These type reactors for increasing dissolved oxygen were from my past experience with those having them, usually canister-shaped. Aquarium water would flow into these devices through the top of the unit and be sprayed or trickle over the unit's internal packing, e.g., bio-balls, which usually filled most of the unit. Air from a high quality air pump (supplying either regular air or ozone) would enter the top of the unit. When internal air pressure exceeded normal atmospheric pressure, the over-pressure pushed on the surface of the water inside the unit and drove its water content up a vertical standpipe where it returned to the aquarium. Air pressure inside the unit controls the water level in the unit, which was usually maintained at about 2 inches. The stronger the water flow the more forceful the air pressure had to be to maintain correct internal water level.

Under pressure, which was about 1.5 to 3.0 PSI for ozone or 3.0 to 5.0 PSI for regular air, either will enter the thin film of water flowing over the units packing material. An air pressure gauge mounted on top of the unit allowed internal pressure to be monitored. An adjustable valve on the air supply line controlled airflow. Under increased atmospheric pressure the water inside this device could hold a higher level of gas (ozone or regular air) than under normal atmospheric pressure. This is referred to as supersaturation. This highly oxygenated water then flows back to the aquarium where the additional oxygen improves its redox potential.

These type devices were/are highly dependent on the quality of the air pump since it must be capable of maintaining a steady pressure inside the reactor. Too much pressure will drive all the water out of the unit and allow the gas to discharge directly to the aquarium. Too little pressure would allow the reactor to fill with water canceling out its benefits and possibly allowing water to flow to the air pump.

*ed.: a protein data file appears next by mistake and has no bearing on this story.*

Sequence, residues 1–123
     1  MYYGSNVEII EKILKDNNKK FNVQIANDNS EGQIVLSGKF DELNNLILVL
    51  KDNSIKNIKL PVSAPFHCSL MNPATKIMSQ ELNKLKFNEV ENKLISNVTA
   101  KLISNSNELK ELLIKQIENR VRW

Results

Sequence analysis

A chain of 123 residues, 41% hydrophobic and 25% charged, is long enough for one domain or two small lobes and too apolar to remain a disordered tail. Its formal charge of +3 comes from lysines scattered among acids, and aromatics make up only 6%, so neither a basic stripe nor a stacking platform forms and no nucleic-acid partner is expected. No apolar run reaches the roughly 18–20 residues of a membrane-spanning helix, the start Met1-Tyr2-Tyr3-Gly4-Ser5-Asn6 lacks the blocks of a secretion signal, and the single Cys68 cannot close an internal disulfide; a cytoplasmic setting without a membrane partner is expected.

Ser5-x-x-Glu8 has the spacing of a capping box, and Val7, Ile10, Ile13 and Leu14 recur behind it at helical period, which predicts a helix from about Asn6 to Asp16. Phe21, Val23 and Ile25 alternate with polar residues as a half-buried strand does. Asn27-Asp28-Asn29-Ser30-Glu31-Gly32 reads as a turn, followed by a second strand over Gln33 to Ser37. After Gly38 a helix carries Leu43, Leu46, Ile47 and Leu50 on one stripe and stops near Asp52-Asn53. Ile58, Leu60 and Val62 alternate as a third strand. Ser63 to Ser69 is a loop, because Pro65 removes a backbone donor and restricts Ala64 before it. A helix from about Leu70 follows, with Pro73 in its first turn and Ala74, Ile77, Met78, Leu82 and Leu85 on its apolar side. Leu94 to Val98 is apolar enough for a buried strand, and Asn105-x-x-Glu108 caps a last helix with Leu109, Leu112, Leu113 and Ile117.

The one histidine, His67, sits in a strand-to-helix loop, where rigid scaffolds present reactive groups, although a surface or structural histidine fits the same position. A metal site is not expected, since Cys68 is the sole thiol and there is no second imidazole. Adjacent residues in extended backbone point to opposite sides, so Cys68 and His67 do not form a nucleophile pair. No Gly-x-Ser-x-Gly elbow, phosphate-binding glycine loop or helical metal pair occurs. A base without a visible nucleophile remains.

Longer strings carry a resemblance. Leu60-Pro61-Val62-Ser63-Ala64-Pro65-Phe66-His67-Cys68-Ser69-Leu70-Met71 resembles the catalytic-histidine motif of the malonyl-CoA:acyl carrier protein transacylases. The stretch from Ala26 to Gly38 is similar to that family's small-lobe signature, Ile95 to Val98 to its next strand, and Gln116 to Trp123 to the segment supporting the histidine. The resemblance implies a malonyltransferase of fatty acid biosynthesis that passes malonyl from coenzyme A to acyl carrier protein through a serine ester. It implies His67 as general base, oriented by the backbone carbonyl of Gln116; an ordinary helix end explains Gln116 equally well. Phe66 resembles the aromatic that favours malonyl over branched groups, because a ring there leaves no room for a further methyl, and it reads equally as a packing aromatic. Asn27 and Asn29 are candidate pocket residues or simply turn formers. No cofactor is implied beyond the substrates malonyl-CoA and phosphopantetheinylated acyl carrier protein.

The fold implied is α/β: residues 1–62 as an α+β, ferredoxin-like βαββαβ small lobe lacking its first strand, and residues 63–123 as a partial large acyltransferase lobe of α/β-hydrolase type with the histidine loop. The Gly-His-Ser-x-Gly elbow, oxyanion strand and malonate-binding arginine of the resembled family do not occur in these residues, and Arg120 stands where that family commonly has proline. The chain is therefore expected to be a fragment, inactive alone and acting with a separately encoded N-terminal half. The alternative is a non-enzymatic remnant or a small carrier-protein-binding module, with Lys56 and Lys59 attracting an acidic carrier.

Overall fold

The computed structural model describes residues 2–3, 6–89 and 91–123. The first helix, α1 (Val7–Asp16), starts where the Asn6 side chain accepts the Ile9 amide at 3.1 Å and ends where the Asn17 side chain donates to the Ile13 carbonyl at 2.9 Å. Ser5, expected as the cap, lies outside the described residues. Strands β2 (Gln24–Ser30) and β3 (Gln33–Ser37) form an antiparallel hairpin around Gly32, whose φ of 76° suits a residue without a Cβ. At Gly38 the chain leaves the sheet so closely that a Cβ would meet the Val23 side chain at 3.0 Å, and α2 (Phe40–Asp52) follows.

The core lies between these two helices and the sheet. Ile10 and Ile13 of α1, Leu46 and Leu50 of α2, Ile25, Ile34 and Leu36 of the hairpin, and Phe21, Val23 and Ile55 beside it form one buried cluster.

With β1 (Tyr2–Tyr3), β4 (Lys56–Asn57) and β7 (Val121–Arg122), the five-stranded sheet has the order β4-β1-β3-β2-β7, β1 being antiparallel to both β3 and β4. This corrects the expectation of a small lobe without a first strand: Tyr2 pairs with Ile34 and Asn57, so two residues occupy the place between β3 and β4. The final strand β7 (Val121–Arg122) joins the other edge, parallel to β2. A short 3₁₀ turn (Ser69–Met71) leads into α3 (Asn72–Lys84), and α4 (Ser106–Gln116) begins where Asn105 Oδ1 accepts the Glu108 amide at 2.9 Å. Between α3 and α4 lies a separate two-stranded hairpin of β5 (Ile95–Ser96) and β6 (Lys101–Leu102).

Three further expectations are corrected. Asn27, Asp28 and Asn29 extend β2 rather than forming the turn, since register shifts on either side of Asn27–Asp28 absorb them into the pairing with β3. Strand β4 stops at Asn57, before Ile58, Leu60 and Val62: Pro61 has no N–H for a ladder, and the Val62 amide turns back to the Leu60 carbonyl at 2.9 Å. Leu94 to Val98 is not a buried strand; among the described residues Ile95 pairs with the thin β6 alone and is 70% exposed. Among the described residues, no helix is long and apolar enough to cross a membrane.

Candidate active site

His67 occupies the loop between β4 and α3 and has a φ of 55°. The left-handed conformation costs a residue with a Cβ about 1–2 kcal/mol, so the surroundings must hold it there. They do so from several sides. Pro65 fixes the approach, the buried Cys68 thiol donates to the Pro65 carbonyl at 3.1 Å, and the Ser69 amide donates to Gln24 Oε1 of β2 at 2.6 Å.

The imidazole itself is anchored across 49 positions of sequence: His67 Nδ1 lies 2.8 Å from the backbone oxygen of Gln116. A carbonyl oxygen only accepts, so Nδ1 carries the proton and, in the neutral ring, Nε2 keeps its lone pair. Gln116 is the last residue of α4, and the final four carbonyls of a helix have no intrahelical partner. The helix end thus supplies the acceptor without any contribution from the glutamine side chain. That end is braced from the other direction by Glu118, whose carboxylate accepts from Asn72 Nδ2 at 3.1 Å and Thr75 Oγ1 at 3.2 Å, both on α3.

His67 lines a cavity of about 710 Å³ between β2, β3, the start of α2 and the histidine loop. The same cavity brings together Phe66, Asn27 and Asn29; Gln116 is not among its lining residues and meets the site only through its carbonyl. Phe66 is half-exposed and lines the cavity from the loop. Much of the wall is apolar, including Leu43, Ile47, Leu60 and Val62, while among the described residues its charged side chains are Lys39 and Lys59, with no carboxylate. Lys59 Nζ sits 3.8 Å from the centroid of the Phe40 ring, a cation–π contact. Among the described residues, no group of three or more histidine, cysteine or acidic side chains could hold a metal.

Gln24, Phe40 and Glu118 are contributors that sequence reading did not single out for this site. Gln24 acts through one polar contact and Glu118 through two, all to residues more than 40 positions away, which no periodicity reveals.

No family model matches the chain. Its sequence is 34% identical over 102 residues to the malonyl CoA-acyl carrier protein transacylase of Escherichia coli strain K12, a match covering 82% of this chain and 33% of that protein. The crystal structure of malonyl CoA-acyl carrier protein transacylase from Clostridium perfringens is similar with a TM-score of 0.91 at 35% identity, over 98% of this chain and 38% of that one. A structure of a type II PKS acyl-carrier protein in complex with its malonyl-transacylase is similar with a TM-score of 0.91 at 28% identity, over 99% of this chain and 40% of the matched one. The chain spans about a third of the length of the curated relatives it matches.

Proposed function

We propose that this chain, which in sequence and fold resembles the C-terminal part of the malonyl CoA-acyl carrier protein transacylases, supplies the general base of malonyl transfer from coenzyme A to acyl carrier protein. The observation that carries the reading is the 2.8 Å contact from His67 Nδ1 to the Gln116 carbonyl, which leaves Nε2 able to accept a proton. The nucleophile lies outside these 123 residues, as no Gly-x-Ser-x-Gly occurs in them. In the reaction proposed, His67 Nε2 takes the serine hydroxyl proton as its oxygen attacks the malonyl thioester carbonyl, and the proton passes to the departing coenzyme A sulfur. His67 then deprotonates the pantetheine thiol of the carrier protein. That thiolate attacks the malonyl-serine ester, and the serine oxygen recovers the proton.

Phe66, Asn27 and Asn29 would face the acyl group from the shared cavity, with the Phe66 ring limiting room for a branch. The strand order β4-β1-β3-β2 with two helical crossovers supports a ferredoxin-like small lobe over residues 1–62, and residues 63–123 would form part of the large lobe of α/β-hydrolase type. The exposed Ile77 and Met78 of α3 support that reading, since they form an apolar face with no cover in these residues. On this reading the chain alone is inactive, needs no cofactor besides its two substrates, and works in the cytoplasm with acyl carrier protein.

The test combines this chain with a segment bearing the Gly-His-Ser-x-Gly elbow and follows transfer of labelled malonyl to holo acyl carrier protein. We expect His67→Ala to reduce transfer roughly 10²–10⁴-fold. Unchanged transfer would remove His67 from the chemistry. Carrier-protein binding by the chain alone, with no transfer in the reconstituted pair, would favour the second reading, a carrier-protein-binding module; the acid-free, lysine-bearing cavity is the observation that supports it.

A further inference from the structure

If normal air is being supplied, the supersaturated air is dispensed right back to the sump/aquarium, however, if ozone is used, keep in mind most air pump diaphragms are not ozone safe. Therefore, it was/still is a good idea to install an ozone resistant check valve between the air pump and the ozone generator. Also, since the decay rate of ozone is faster than the water's absorption rate it was/still is recommended the water level in the reactor be operated at almost fully evacuated. Keep in mind its effluent now possibly carrying a 'considerable' amount of ozone should be passed over activated carbon before entering the sump/aquarium. And since reactors were/are not sold with air pumps, ask the manufacturer of the unit for their recommendation.

As to using/adding medical grade oxygen to a reactor, that can be extremely toxic to both fish and invertebrates, therefore totally disregard its use!

Regular air is probably the best choice for most hobbyists if this type equipment is of interest, yet if ozone is the choice, be sure the reactor is ozone proof.

Even though it's said reactors are more effective for dispensing ozone than a protein skimmer because ozone, if dispensed at a too high level interferes with the skimmers foam formation, they are more technically advanced and require a high level of expertise to operate, far more than operating a skimmer! Its also said dispensing ozone through a reactor provides a sanitizing effect in addition to the higher oxygen content of its effluent. But don't misread that, as the additional atom of oxygen is short lived and does not really add any useful additional oxygen, i.e., more dissolved oxygen than what would be supplied by regular air, to the aquarium.

If tempted by this type equipment, and still available in your neck of the woods, carefully follow manufacturer instructions for their set-up and maintenance, but keep in mind, in the wrong hands it can quickly get out of control and ruin a perfectly good aquarium. Only very experienced aquarists should consider these devices.


Lets now turn to Chapter 4, which discusses 'Filtration Equipment.'